Students, faculty and staff at Georgia Southern University did not receive an Eagle Alert after the armed robbery, home invasion and fatal shooting of a suspect that occurred at the Campus Evolution Apartments early Tuesday.
The Statesboro Police Department arrested one suspect, and a second was fatally shot. Third suspect fled the scene and has not been apprehended, as of the time of publication.
Some students at the complex and other nearby off-campus housing were unaware of the incidents.
“I didn’t even know there was a robbery, and I definitely saw the caution tape as I rode past there, and I live right in Copper Beach, so I’m right there next to it. I’m kind of mad,” Tremiecia Gresham, senior accounting major, said.
According to the 2016 Annual Security Report from the GS Division of Public Safety, the University is to release an Eagle Alert if an incident meets all of the following criteria:
A crime is committed.
The perpetrator has not been apprehended.
There is substantial risk to physical safety of other members of the campus community because of this crime.
In the event of an off-campus crime, the security report says that GS may release an Eagle Alert if the crime occurred in a location used and frequented by the University population.
Many students feel they should have received an Eagle Alert after the incidents on Tuesday.
“I feel duped because that’s my student fees at work that didn’t get used, and I feel like I was let down by UPD and Public Safety. They are just not really doing their job by letting us know about how to be safe,” Britney Brown, junior accounting major, said. “I could’ve been going on a walk, and [the suspects] could’ve attacked me. You never know. I go on late night walks all the time. It’s just not safe.”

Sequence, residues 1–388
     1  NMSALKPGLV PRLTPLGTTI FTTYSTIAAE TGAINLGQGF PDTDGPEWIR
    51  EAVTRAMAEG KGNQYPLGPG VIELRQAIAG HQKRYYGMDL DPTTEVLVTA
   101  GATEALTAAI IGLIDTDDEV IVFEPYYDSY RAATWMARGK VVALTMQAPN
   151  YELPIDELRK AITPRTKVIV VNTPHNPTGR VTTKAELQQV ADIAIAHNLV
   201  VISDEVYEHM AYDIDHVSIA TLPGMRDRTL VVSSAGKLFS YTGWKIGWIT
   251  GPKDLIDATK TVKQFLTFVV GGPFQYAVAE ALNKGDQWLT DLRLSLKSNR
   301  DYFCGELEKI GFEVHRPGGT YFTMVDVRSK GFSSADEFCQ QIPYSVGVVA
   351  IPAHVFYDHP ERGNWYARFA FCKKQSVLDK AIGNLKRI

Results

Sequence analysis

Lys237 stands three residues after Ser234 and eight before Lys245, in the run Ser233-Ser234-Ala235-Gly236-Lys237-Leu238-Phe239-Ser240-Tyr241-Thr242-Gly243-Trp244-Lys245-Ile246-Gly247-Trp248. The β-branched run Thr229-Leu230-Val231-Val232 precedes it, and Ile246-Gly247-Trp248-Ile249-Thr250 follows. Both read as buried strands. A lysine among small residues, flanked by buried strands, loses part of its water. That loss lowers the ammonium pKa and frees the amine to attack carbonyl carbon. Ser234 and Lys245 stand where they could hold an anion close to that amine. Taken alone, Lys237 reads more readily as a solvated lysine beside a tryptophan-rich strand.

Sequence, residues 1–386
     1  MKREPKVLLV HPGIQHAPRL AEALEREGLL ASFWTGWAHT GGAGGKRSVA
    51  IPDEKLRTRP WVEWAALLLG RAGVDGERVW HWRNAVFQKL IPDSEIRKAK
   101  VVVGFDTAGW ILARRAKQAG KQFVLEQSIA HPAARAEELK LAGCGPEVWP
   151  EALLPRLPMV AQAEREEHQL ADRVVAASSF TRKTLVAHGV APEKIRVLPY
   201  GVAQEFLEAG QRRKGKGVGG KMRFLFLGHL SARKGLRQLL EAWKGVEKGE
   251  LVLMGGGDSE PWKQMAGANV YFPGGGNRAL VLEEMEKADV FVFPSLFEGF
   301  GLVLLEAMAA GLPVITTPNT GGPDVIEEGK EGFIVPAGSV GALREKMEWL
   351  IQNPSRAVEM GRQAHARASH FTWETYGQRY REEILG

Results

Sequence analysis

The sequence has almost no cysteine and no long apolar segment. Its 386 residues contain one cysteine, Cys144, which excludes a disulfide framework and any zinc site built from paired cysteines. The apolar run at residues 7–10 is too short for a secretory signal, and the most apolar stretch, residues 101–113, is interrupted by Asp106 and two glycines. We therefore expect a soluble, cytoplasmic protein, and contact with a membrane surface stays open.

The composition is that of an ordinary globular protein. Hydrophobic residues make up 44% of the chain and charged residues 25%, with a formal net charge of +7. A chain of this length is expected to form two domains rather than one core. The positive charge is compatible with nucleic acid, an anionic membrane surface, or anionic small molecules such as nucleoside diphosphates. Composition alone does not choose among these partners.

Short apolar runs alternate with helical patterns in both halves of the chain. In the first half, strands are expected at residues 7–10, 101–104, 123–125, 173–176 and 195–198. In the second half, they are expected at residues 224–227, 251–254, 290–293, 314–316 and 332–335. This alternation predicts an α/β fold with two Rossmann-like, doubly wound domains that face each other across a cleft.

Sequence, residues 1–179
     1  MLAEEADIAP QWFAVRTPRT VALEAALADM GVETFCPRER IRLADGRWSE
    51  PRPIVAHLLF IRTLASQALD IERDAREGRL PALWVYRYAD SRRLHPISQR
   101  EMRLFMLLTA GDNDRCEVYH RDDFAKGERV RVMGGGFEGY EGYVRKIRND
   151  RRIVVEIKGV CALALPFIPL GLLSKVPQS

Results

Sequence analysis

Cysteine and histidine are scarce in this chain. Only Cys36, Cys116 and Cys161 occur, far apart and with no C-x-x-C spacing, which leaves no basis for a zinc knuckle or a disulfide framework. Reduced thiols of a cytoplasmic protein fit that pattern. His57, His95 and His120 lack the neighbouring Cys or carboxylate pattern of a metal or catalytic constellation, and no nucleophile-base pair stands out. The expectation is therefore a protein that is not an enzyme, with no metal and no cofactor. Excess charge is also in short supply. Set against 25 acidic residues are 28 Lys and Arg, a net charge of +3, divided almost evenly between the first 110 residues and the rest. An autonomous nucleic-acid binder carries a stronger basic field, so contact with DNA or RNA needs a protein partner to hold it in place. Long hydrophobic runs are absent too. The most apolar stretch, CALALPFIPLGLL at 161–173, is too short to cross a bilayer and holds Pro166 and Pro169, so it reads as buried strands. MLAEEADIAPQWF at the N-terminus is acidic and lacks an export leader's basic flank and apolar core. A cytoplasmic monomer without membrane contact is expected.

Similarly, no Eagle Alert was sent during an armed robbery and an assault against a police officer near Chandler Road on Sept. 19, 2016. The University had released the following statement afterward:
“The presiding law enforcement officials deemed there was no continuing palpable threat to students or employees of Georgia Southern University. Georgia Southern University has historically been proactive and over communicated with students, parents, faculty, and staff and in this case we failed to do so. University officials met this morning and will reconvene a discussion on when the Eagle Alert system is used. Georgia Southern University is committed to providing a safe environment on and around the University campus.”
As of publication, no statement has been released from the University regarding the lack of an Eagle Alert for Tuesday’s incidents.
“[The lack of an Eagle Alert] doesn’t feel good. They need to do better with alerting us about crime, since they can test them out, and we get all their Eagle Alert tests. We should be able to get an Eagle Alert when an actual crime is committed,” Jasmine Guerra, freshman business management major, said. “It’s really important to let students know what’s going on off campus and on campus when there’s a crime. It’s not safe. Someone’s still on the loose… I think that’s something students need to know about.”
University officials have been reached for comment.
Nakia Woodley and Preston Folsom contributed to this report.